What’s In Your Garden Plan

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Last week I wrote of the symbolic nature of flowers. Look around your garden. What does it say about you? Plant some dill. It symbolizes power against evil. Every victory garden could use that power right about now. Nasturtium, too. Those edible peppery and sometimes fiery orange blossoms stand for patriotism. Do you love this country? How do you show it?

For those who knew William or have followed this blog I’m certain I don’t have to explain why dill and nasturtium remind me of him. I don’t know a soul (other than his military brothers) who love this country more and fought the good fight, so others could live free.

William on the left with two of his brothers.

Today, I praise the essential workers battling the evil of COVID19 especially my two nieces. Heather and Brenda are on the front lines as nurses in ICU units devoted to the care of those infected. I can’t imagine the mix of emotions associated with these essential jobs, but they do it. They pledge an allegiance to quality healthcare no matter the hardship. All any of us nonessentials can do is express our gratitude for their courage, dedication and willingness to fight the good fight…plus wash our hands and practice social distancing. This thing isn’t over, yet.

With its feathery leaves and delicate flowers dill is an essential herb that attracts beneficial predators to the garden. I guess that is how it got its reputation for fighting evil.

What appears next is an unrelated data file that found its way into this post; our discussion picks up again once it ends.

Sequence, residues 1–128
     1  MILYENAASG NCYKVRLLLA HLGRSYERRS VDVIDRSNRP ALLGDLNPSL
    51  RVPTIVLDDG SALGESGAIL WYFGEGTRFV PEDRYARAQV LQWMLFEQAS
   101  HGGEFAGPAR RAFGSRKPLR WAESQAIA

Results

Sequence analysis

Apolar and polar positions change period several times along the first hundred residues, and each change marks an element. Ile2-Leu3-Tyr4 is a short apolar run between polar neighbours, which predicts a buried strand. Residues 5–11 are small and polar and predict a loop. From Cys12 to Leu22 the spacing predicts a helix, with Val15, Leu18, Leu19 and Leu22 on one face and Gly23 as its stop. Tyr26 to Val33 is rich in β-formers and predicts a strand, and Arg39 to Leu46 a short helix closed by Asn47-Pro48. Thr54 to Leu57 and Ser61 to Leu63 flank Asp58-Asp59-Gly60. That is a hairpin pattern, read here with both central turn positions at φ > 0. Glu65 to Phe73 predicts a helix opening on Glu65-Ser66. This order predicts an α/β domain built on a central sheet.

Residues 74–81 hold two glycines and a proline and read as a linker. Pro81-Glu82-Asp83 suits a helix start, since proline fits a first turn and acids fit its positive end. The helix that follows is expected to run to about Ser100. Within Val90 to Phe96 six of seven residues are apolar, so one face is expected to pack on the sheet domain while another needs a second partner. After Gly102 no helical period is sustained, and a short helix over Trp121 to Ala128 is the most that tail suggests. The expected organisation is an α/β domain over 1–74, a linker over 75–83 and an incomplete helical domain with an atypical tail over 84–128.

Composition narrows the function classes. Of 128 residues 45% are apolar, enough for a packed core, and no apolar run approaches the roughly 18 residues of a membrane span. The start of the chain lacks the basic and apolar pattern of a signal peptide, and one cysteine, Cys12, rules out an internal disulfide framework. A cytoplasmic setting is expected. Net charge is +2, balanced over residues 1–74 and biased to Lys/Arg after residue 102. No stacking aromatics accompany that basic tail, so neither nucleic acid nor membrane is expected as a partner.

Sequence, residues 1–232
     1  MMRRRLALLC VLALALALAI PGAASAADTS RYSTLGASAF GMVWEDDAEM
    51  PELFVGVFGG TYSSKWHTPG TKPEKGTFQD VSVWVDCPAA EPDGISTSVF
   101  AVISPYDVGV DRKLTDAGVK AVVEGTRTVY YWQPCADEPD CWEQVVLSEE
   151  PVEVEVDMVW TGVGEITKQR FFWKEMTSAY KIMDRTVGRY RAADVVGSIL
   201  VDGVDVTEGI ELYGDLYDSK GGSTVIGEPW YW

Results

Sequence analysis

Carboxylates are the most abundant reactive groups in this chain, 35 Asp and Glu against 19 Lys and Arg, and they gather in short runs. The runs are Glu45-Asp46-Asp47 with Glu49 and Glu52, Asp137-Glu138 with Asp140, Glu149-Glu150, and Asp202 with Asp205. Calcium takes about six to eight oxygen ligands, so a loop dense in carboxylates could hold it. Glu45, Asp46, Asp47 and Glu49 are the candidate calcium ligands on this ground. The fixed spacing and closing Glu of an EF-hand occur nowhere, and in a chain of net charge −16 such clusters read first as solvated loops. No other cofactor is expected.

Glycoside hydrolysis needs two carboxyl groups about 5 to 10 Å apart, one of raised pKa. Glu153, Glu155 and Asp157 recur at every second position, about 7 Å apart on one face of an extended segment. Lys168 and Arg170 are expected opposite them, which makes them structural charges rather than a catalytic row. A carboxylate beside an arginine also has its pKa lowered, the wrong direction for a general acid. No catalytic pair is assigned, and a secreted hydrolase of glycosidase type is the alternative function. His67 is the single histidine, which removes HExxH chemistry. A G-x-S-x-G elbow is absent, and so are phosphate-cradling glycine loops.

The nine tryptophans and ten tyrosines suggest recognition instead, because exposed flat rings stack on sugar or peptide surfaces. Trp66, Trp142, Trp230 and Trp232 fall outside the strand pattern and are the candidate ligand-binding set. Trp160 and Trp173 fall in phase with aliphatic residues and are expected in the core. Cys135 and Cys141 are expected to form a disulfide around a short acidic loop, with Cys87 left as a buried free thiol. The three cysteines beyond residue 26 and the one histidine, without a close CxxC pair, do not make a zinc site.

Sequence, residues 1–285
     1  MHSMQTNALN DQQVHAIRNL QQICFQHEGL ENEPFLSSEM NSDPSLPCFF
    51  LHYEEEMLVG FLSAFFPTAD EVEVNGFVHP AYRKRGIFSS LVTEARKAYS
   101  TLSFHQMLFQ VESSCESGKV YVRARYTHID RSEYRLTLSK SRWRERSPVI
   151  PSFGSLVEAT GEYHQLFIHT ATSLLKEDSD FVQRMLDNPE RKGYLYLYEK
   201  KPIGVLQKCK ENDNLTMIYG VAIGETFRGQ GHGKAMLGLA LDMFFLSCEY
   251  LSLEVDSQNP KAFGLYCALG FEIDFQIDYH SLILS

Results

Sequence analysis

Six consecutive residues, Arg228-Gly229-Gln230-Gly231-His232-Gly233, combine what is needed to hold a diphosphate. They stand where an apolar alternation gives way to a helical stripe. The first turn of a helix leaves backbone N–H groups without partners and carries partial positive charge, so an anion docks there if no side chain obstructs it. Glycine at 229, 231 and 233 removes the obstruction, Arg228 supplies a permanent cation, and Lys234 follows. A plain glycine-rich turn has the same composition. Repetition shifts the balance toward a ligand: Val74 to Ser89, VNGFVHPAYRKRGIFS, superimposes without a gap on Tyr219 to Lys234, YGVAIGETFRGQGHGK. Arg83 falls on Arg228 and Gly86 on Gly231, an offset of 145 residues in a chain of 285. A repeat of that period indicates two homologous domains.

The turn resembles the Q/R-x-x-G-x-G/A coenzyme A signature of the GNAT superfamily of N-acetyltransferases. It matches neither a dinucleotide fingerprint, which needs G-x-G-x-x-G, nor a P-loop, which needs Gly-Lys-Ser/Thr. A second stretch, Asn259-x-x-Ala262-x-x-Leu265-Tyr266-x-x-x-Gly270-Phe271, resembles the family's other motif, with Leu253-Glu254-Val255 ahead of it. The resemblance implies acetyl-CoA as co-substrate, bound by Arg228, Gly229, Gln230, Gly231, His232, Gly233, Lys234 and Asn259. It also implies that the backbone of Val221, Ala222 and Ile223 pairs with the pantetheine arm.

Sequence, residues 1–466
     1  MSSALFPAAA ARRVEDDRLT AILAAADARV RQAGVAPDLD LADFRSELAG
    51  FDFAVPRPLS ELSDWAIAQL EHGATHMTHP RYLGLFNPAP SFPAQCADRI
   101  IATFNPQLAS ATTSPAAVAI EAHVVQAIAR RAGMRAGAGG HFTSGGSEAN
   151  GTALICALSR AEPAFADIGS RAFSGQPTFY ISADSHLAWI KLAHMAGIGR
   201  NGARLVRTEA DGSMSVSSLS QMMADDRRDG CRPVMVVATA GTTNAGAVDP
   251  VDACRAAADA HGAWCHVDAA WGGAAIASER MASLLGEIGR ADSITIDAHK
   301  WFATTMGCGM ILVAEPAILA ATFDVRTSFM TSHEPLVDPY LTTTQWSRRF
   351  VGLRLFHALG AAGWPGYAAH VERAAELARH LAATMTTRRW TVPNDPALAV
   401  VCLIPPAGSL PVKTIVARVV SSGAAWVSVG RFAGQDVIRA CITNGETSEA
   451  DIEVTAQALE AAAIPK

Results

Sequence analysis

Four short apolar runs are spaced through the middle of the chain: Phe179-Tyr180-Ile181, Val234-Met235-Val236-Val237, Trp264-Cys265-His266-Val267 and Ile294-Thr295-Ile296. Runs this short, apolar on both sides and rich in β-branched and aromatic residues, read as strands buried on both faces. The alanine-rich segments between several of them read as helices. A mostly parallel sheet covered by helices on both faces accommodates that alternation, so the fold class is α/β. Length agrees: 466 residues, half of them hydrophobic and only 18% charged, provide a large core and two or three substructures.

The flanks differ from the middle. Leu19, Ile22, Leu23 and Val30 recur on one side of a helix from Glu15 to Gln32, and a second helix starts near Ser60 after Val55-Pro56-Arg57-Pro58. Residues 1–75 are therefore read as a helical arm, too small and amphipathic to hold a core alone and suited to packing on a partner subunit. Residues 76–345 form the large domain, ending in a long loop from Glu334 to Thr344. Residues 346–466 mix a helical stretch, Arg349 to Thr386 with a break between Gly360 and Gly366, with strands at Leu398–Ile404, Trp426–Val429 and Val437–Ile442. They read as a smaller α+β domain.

As much as I love this recipe as written desperate times call for desperate measures. These days #AmericaStrong we are all adapting to a new normal. Thankfully, this is a raid your pantry kind of recipe initially adapted from William-Sonoma’s web site. No puff pastry? No problem. Use any kind of pie dough or even a pre-made pizza crust, flour tortillas or naan…hey! it is an international situation we are in so be brave and use whatever. Same goes for fresh tomatoes. Any fresh vegetable will do, but if it is crunchy like broccoli, blanch it first. Onions? Caramelize them first. Canned tomatoes? Drain them and pat them dry. Same for cheese and herbs…just do you and don’t forget to plant some seeds.

Fresh Tomato Tart with Feta & Dill

  • Servings: 4 to 6
  • Difficulty: easy
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1 sheet frozen puff pastry, thawed